However, don't let this book's sheer size, attractive design, and authoritative air fool you into thinking that it tells you everything about Japanese photography history. Japanese photography is simply too big and broad to be encapsulated in any single book (or Web site). As I shall point out below, the book has major omissions with regard to Japanese photographers and key developments in Japanese photography.

The chapters and plates

The book's main text is divided into seven chapters, each one written by one of the curators or contributors. The hardcore chapters on Japanese photography history are all written by Japanese authors and translated into English. The text was generally intended to chronicle how Japanese photography developed over the years within the context of Japan's historical and cultural developments and how photography in turn affected Japanese society.

Ms. Tucker writes only the book's Introduction, which I will call the first chapter. (There are no chapter numbers.) This chapter tells me that she has learned much about Japanese photography since that fateful trip to Tokyo in 1995. She has effectively eliminated her blind spot on Japan and hopefully this book will do the same for other curators.

She summarizes about how Japanese photography has been introduced to the West through books and exhibitions. She also mentions a few books on Japanese photography history that have been published. However, she fails to mention Terry Bennett's important | Japan: Caught in Time and | Early Japanese Images (even though they are listed in the bibliography). Both books, published in the mid-1990s, were the most comprehensive English introduction to early Japanese photography ever published at the time.

She then gives a general overview of Japanese photography history while often making comparisons with Western photographers.

The next chapter, The Early Years of Japanese Photography, written by KINOSHITA Naoyuki, covers the first 50 years of photography in Japan from 1848 when the country's first daguerreotype camera was imported from Holland. (Some Japanese books on Japanese photography history start the chronology from 1646 when the camera obscura was first imported.)

"Japanese photography" is defined in this chapter as photographs taken in Japan, not necessarily only by the Japanese since the first images were captured by foreigners who came to Japan after the country opened up to the West in 1859. These early foreigners taught photography to the first generation of Japanese who in turn taught the craft to the second generation of Japanese by which time most foreign photographers left Japan as the natives took over the profession by the turn of the century.

The subjects photographed also evolved--from samurai portraits and stereotypical customs and manners to landscapes and news photos. Among the major historical periods of Japanese photography, this early period has attracted the most publishing attention. (This chapter is also the book's largest with 86 pages.) It was during a period of great change and upheaval as Japan transformed from a closed, feudal society to a modern, international state.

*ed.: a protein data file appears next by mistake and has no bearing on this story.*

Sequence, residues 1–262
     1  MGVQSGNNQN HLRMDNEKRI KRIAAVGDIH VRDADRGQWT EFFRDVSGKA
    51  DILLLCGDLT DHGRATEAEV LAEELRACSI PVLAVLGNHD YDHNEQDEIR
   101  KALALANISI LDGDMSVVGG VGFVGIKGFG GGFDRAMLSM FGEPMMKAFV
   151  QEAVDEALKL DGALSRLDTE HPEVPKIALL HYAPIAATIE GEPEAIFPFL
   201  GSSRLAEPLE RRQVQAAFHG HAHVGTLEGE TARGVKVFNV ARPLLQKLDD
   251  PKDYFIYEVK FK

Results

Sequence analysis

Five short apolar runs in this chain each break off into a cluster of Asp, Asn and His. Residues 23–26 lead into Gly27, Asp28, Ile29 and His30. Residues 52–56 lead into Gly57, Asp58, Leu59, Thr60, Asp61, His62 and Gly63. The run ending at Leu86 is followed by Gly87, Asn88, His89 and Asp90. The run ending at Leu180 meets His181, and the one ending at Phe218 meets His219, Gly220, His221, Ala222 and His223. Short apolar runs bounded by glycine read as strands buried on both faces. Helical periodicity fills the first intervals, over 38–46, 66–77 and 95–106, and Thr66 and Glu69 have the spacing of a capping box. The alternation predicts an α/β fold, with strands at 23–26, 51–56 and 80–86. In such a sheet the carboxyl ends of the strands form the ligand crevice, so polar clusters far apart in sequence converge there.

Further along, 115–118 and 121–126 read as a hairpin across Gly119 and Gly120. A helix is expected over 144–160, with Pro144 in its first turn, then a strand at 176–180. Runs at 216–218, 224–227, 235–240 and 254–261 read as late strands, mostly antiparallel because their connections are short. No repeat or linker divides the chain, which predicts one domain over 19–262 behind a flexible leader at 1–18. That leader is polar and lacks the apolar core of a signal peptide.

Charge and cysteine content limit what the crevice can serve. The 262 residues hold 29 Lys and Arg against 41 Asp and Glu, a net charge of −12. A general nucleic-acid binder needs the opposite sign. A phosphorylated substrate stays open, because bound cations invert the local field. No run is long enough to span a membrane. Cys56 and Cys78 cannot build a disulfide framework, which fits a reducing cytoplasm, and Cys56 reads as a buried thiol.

The two most important first-generation Japanese photographers were Nagasaki-based UENO Hikoma and Yokohama-based SHIMOOKA Renjo. And the most important foreign photographers were Felix/Felice Beato and | Baron Raimund von Stillfried Rathenitz.

One interesting anecdote Kinoshita gives is how the Japanese word for photograph evolved to become shashin (a copy of the truth, or 写真) instead of the more literal translation, koga (light picture, or 光画). He says that the word shashin was actually used when photography was first introduced to Japan, but it referred to paintings that were realistic reproductions of actual things.

The camera obscura was called shashinkyo (mirror to copy the truth, or 写真鏡). The daguerreotype was called in'eikyo (mirror that prints the human figure, or 印影鏡). There were also other translations for daguerreotype such as chokusha-eikyo (mirror that directly copies the human figure, or 直写影鏡) and inshokyo (mirror that prints an image, or 印象鏡).

Then sometime in the 1860s, the translation for photography settled on shashin. Interesting indeed. (The book does not include any Japanese kanji characters, although it laboriously inserts macrons over the long vowel sounds.)

This chapter contains the most photos of all the chapters. However, I think too many are from Hokkaido. A few are kind of useless as well (for explaining Japanese photography). I wish they included ESAKI Reiji's famous photo of the Sumida River explosion (since it is mentioned at least twice) that made him the premier "action" photographer, more samples of stereotypical Japanese customs and manners ("Yokohama photographs" or fuzoku shashin), nudes (there are none), and hand-painted postcards.